Nike Pegasus v Terra Kiger offset comparisonPegasus Trail 2

The Pegasus Trail 2 is an amazing shoe. It’s a super-well-cushioned model with a large sole unit for optimal comfort and stability wherever the trail takes you – everything I love in a shoe.

The full react foam gave me a cushioned ride mile after mile, this model feels light to me compared to other trail options on the market.

I suffer from heel spurs and sometimes find a sock like upper hard to get on and off however I didn’t get this problem in the Peg trails. The neoprene-feeling sock liner is very stretchy, not restricting at all and works very well with the heel counter. Super comfy all round.

I tested this model on the same terrain as the Terra Kiger. Both have very similar sole unit and lugs, but the Trail Pegasus 2 performed best on fire tracks and stony locations. In deep slippery mud I noticed the lack of deep lugs, but that’s the compromise you need to take with trail options sometimes. I mean it was some serious mud.

I would class this model as the high mileage option over the Terra Kiger; when high cushioning is the priority the Pegasus Trail wins over the Terra Kiger.

In Conclusion

Both models are super comfortable on their uppers and overall rides. Both models are perfectly suited to drier trails and storm paths.

Although this blog started as a comparison, I feel these models actually go really well together! Not helpful I know! Where they differ is in the kinds of run you’ll use then for: Pegasus Trail 2 is ideal for longer slower paced runs, while the Terra Kiger is your best friend for faster tempo and interval sessions.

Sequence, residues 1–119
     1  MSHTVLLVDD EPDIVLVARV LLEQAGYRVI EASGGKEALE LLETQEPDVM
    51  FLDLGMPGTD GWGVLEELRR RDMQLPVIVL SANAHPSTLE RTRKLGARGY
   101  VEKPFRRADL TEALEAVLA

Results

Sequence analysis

Well done Nike, yet again 2 super trail options to add to my ever-growing collection!

* Offset: the stack height of the shoe – the drop from the heel to the toe. I describe this as a stiletto drop: the higher the heel, the bigger the drop to the toe. 1-4mm difference isn’t really going to cause any issues to runners but 6mm might have an impact. A lower drop means your calf and Achilles have to work harder, but a lower drop also means your stride can be more forefoot which is better for joints in the long run.

Rock plate: a plate that’s built into a shoes (generally trail shoes) that stops sharp or hard objects hurting the sole of your foot as you run over rugged terrain. Really important for mixed terrain trail runs and south/ north downs way, where you get lots of flint and rocks.

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Why we need different shoes when hitting the trails!